Professor Marcus Kennedy, a consultant respiratory physician at Cork University Hospital, has diagnosed many asbestos-related cancers.
Working in the US, he came across such illness in American Navy veterans.
“Merchant navy and military ships were lined with asbestos as a fire repellent in the past,” he says. “The health dangers of it weren’t realised then. Asbestos-related illnesses have been common in Northern Ireland too because of the shipbuilding industry there.
“Here in Cork, we’d see it in particular in people who worked in the UK in construction, maybe 30 years ago.
“A lot of farmers would have worked there when they were young or double jobbed in construction too. We’ve seen it in ex-Ford workers also because asbestos was used in car brake linings.”
Brakes and clutches were often made from chrysotile (white) asbestos due to its heat resistance and strength qualities.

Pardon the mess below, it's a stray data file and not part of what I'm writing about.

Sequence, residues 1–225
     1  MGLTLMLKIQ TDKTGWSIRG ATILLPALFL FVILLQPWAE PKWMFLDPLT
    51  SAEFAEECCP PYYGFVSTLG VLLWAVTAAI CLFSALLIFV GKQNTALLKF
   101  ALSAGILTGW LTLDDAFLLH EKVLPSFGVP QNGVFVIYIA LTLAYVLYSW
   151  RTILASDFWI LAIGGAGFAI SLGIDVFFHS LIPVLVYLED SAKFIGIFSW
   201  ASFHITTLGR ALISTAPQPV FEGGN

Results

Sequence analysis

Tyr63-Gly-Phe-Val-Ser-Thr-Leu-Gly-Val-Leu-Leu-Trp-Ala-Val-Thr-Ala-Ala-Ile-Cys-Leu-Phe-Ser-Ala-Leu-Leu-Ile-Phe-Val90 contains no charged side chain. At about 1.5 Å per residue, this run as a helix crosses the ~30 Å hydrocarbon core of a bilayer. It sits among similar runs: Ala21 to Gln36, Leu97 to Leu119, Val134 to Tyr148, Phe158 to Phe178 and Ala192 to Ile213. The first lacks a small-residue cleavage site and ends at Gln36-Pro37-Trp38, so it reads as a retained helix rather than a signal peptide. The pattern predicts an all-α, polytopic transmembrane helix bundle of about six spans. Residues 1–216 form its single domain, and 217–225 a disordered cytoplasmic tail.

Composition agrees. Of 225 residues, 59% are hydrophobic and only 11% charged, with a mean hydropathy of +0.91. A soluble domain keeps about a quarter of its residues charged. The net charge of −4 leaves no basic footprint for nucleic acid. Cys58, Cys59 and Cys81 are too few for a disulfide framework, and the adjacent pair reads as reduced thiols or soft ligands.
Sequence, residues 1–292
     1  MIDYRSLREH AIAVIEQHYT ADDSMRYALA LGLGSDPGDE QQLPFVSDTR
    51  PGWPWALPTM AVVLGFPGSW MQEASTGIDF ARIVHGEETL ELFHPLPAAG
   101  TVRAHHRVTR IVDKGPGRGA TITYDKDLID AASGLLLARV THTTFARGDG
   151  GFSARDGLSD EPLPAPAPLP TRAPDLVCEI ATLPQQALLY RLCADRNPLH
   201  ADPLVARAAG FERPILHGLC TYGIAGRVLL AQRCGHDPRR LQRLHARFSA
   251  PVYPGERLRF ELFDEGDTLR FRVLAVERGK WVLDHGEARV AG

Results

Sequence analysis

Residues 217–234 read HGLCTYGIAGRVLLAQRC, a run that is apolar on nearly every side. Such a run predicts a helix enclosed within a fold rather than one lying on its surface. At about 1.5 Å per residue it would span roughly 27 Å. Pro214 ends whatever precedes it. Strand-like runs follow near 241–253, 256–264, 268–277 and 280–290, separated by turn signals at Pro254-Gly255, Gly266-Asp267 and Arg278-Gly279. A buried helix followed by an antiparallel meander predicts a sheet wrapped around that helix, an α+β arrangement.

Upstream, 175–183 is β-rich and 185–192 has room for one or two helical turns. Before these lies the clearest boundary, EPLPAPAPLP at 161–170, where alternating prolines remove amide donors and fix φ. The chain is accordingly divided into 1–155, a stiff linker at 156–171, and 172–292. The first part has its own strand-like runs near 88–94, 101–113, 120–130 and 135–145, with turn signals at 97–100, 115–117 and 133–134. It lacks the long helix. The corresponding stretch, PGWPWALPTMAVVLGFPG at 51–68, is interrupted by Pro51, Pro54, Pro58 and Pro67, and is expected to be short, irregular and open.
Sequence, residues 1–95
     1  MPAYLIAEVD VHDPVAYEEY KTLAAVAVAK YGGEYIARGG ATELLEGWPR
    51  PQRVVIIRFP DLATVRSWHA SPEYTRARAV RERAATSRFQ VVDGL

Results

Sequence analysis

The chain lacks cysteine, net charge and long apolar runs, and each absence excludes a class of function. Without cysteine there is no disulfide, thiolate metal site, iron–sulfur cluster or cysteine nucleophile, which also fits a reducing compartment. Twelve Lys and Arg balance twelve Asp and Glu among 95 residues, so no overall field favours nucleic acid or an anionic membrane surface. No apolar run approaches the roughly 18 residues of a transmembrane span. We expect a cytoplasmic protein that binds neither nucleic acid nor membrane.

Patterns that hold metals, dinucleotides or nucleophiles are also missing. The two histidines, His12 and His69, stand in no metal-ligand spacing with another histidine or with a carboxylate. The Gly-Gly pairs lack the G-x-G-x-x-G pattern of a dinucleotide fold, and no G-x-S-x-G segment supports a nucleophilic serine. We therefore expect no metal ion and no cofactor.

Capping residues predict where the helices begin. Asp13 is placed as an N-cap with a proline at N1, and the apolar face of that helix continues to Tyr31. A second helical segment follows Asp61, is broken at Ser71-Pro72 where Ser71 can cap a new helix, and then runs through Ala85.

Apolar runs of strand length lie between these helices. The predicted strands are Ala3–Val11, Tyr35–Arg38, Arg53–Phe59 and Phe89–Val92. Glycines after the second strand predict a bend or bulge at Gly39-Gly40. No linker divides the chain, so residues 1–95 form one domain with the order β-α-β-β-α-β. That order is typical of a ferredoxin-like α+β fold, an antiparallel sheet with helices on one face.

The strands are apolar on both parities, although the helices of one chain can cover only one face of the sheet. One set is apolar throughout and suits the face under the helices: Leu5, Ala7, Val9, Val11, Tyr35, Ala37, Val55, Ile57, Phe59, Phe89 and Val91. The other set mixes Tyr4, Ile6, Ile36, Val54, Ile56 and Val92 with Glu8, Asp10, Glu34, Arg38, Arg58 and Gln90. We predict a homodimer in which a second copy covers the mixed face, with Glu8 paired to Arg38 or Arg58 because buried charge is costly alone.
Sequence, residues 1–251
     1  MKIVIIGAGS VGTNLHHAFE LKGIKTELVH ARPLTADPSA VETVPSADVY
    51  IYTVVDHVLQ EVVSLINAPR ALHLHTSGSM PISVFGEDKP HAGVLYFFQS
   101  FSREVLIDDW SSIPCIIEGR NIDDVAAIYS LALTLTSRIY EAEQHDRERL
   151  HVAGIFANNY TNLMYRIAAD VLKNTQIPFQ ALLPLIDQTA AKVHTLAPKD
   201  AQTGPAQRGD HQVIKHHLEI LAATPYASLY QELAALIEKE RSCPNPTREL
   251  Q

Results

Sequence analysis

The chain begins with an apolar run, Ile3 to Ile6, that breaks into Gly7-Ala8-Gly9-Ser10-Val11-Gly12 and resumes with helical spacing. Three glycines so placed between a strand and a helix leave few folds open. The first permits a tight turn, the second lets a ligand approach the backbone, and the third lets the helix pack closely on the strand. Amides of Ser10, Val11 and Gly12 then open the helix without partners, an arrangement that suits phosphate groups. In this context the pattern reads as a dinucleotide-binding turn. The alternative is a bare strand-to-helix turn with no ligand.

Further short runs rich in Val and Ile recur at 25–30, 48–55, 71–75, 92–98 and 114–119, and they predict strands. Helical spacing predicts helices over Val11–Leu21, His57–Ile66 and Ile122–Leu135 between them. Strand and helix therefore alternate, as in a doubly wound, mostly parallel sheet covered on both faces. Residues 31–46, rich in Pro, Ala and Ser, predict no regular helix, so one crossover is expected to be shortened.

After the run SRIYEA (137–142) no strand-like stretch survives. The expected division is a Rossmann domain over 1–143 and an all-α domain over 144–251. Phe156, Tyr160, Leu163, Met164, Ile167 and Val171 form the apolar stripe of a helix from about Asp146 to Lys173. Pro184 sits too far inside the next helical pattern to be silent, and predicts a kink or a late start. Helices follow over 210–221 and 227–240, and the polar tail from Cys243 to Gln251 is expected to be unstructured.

ESB employees and electricians have also been affected but it can be seen in many different types of occupations, the professor says.
“For farmers, the risk nowadays is in old machinery, older buildings and sheds and farmhouses, as well as old lagged pipes. It can take a long time, sometimes as much as 30 or 40 years, for the symptoms to start.”
It is inhaling the asbestos fibres when asbestos is worked with, cut or disturbed that does the damage, he says.
“It gets into the lungs, particularly into the lining of the lungs and can cause a number of chest illnesses – asbestiosis, lung cancer and mesothelioma [an incurable lung lining cancer specific to asbestos]. About 50 people are diagnosed with mesothelioma [a notifiable disease] each year in Ireland.”
Asbestosis is a scarring of the lungs.